My first real job involved my being away from home for seven weeks, spending most of the summer with an unruly collection of teenage boys, most of them about my age.
It was the early 1960s and I had spent a year in high school when I somehow got hired to work at the Boy Scouts’ Camp Pellissippi on Norris Lake. I referred to myself as a camp counselor, but in reality I was one of the camp’s two dishwashers.
Though the job did not carry the noble-sounding “counselor” title, it did pay $20 a week—the counselors only got a couple of dollars credit at the camp trading post. Of course, room and board were included.
For the dishwashers, “room” meant a primitive space underneath the mess hall with three cots and no door. It had been dubbed the Country Club by previous residents.
The other dishwasher, Jim, was
a camp veteran about my age; his older brother was the mess-hall director. Jim occupied one of the bunks in the Country Club. The third resident was Rick, a counselor friend of his (they were schoolmates at Karns High School).
Later we made room for a fourth, an East High friend of mine who usually went by his surname, Jenks. He was hired when it was decided that we needed a pot-washer since the pots were too large to fit into the industrial dishwasher that Jim and I used.
Occasionally, always in the middle of the night, the Country Club would host a visitor. The first time he showed up, he scared the bejeebers out of me. I was suddenly awakened by something licking my hand. My scream woke up the rest of the occupants. We caught a glimpse of a dog high-tailing it out. The pooch, a beagle, got used to us (and the handouts we started providing) and became a nighttime regular.
The mess hall, perched on top of a ridge overlooking the lake, was the center of camp—it was the only covered space large enough to house all the campers at once. Plus, it was one of the few camp facilities that was wired for electricity.
So it was there where the bugler blew Reveille (7 a.m.) and Taps (11 p.m.)
The bugler, domiciled nearby in a large tent (most everything in camp was U.S. Army surplus) covering a wooden platform, kept his bugle on a shelf in the mess hall kitchen. And one night, during a break in one of our marathon games of Hearts, someone noticed the bugle’s proximity to the freezer.
The next morning as the bugler searched for his instrument, Jenks found it for him—in the freezer. Already behind schedule, he had to blow Reveille immediately. It was a decidedly sloppy version. With warm water, we helped him remove the mouthpiece from his lips. From then on, he slept with his horn.
The Hearts games would usually start after Taps and often continue until 3 or 4 a.m., usually with five or six participants, including the Country Club residents, Steve, who ran the Trading Post, and sometimes others.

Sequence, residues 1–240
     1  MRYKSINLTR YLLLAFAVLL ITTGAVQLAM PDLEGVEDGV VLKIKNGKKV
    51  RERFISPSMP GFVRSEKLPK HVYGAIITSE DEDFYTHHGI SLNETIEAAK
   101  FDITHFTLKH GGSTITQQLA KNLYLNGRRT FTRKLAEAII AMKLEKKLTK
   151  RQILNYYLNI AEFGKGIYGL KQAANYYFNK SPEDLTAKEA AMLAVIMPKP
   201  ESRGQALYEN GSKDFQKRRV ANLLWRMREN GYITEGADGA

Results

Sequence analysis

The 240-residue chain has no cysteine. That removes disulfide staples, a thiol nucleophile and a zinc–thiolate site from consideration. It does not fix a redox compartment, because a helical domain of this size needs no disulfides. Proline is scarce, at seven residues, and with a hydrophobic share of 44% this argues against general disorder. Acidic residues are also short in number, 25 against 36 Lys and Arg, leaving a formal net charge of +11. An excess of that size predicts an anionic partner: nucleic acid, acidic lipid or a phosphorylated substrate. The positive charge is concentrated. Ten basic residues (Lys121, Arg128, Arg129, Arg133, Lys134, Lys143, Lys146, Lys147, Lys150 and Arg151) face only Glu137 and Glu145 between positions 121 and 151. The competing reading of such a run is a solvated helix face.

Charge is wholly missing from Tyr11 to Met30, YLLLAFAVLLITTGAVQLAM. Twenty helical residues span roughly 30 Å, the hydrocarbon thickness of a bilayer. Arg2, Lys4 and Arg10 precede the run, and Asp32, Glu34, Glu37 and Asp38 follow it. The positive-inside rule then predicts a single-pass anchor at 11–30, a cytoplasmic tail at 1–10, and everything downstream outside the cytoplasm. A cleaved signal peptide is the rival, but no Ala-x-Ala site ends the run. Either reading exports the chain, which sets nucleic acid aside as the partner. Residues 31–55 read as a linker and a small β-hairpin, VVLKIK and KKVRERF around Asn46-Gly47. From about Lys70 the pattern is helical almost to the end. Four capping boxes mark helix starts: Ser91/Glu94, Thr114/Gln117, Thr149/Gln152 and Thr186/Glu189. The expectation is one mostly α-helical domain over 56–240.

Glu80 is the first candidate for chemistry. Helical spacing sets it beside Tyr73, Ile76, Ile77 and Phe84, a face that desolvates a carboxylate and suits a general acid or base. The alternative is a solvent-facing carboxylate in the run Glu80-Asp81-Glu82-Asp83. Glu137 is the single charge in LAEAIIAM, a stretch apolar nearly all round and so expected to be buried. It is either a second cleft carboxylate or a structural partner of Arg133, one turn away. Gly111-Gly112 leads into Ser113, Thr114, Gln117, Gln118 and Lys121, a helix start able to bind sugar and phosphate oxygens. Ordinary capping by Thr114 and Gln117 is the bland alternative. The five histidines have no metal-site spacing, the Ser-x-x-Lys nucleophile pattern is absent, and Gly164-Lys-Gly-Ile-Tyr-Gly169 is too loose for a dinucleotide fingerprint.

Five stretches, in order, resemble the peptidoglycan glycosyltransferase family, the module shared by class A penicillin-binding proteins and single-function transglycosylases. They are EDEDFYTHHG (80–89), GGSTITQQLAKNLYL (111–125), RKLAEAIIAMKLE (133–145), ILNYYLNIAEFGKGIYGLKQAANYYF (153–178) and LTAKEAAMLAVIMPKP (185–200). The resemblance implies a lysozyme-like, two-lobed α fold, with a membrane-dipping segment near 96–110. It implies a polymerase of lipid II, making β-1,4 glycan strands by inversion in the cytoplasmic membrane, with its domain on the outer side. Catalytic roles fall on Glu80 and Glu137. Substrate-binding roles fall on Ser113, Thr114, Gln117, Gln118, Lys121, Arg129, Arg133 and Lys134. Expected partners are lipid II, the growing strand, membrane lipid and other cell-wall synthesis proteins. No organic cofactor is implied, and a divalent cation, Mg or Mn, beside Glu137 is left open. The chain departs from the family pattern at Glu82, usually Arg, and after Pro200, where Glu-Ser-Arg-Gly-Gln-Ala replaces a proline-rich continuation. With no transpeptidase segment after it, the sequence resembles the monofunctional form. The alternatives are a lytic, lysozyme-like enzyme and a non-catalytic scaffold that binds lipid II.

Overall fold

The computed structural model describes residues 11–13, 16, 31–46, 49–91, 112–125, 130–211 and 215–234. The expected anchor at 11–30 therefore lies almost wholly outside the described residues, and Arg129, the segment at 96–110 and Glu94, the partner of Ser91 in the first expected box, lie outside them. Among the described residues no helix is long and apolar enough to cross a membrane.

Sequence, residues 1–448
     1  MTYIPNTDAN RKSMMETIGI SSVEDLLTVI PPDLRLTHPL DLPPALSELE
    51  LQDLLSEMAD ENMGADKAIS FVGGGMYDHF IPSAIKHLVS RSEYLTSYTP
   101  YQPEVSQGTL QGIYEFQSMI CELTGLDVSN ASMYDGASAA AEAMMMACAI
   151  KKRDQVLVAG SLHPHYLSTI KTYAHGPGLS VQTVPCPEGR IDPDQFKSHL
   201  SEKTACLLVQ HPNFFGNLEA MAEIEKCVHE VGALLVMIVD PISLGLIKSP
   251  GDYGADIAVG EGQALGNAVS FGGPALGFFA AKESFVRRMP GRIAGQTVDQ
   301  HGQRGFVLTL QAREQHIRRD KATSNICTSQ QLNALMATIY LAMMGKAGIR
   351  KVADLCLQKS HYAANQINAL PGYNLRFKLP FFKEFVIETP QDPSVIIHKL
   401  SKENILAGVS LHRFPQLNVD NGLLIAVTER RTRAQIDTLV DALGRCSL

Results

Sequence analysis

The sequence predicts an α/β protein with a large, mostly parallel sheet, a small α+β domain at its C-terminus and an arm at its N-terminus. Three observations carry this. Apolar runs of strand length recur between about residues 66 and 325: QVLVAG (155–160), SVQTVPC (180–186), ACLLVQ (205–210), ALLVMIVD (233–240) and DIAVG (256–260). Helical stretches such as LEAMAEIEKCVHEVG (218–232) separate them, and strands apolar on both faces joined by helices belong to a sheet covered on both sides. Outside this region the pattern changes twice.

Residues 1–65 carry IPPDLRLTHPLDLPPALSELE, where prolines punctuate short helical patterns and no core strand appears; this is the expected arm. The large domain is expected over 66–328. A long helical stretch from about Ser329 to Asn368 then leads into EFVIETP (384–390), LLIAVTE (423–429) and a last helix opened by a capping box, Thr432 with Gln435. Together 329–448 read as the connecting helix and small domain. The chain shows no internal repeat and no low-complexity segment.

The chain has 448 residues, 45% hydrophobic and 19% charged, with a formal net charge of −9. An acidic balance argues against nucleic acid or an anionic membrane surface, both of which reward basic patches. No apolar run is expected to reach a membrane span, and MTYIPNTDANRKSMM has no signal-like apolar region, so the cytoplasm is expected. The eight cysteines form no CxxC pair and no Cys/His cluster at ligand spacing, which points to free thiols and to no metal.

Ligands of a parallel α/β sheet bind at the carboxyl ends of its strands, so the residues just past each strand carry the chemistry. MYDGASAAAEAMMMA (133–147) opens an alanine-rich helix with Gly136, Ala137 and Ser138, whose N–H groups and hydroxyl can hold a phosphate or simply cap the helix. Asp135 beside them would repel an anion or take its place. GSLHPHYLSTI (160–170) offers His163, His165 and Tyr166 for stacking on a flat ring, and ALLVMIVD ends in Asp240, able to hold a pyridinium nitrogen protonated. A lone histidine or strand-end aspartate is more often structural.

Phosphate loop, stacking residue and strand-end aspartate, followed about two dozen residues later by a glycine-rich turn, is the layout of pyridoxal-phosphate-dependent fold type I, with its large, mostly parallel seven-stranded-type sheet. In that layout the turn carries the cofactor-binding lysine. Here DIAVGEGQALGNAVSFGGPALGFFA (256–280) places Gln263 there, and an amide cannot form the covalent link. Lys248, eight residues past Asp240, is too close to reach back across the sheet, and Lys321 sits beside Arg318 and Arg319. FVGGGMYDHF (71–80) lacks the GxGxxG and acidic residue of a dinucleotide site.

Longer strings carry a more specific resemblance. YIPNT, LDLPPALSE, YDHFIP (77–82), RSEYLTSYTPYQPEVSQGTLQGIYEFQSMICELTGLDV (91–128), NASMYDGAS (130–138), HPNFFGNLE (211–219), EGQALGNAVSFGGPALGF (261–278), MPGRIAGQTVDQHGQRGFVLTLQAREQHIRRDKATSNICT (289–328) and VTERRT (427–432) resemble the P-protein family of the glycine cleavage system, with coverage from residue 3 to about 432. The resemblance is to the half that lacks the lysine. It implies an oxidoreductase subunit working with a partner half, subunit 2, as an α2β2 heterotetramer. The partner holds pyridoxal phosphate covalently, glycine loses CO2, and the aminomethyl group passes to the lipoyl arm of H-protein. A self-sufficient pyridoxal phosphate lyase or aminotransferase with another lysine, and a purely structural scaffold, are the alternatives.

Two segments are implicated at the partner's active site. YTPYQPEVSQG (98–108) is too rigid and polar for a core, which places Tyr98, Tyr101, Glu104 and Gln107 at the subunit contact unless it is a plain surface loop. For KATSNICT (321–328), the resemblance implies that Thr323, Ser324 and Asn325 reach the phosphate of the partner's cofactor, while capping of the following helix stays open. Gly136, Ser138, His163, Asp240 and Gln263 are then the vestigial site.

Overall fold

Thanks to his important position as the source of chocolate bars and soft drinks, Steve was known to all the campers. And, until one of the directors put a stop to it, he demanded respect at meal time, requiring the campers assigned to his dining table to stand until he sat down and to make sure that he was served first.
Another late-night dining-hall visitor was Hugh, one of the waterfront staffers and Jenks’ rival for Camp Jester.
Hugh was in his third or fourth year working at Pellissippi, and was renowned for his meal-preparation pantomime. He would place himself at the kitchen’s prep counter and act like he was making meatloaf, kneading and shaping an imaginary concoction. He would moo as he assembled the ingredients, then whack the offending part. Or he would sneeze into the “mixture,” then, after furtively looking around, begin remixing. Or he would accidentally “cut off” one of his fingers and then include it in the mixture.
Another late-night diversion was the food fight, which generally came on the nights when dessert was pudding, the leftovers providing ammo. Jim and I usually dominated because we had access to the industrial spray gun attached to the dishwasher, which had a reach of about 30 feet. It would then be used to clean the pudding off the walls.
The battles would include lots of shouting and name-calling. Since there was no adult supervision after Taps, and since there were no females present, the name-calling involved a lot of cursing, sometimes with creative combinations. “FartBreath” was popular until one of the directors overheard its use during a meal.
It was an entertaining seven weeks. And I did learn a few things. I now know how to operate a commercial dishwasher. I enjoyed a period of being adept at Hearts. And I certainly expanded my vocabulary.
The latter skill caused trouble after camp had ended and I had not yet adjusted to life in mixed company. At Sunday dinner, when my brother was taking his time in passing the food around the table, I used a decidedly unappetizing term for the mashed potatoes in an attempt to speed him up.
So I did without, banished to my room for the rest of the day.
Chris Wohlwend's Restless Native addresses the characters and absurdities of Knoxville, as well as the lessons learned pursuing the newspaper trade during the tumult that was the 1960s. He spent 35 years working for newspapers and magazines in Miami, Charlotte, Louisville, Dallas, Kansas City, and Atlanta. As an editor, he was involved in winning several national awards. He returned to Knoxville in the late 1990s and now teaches journalism part-time at the University of Tennessee. His freelance pieces have appeared in The New York Times, The Boston Globe, The Philadelphia Inquirer, and numerous other publications.
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